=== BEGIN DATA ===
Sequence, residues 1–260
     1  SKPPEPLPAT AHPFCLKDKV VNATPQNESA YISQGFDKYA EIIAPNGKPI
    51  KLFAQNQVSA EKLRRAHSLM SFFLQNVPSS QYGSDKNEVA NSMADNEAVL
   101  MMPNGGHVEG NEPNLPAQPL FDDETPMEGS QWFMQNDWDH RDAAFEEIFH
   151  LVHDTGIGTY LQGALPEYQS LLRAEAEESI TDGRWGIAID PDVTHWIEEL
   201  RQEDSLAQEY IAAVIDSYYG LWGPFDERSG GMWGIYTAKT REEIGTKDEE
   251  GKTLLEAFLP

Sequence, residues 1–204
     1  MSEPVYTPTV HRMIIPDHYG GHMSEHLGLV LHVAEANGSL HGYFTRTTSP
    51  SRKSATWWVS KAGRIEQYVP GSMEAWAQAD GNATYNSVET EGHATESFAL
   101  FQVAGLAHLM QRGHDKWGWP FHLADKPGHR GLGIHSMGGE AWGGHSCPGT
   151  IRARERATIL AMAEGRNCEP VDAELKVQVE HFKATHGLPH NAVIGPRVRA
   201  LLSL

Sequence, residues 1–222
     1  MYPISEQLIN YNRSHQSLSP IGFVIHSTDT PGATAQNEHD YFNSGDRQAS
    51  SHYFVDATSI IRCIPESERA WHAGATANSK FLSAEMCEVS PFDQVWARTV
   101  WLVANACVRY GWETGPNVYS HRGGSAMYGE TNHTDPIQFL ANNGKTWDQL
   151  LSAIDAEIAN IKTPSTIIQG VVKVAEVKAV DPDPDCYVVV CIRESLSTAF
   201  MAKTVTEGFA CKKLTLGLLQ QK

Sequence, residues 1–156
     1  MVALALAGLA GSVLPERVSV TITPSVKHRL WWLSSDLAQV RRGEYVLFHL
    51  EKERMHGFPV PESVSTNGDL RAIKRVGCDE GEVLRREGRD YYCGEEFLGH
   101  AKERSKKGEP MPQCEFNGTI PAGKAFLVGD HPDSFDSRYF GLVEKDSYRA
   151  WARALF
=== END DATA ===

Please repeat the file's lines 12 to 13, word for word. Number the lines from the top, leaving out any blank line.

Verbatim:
   151  IRARERATIL AMAEGRNCEP VDAELKVQVE HFKATHGLPH NAVIGPRVRA
   201  LLSL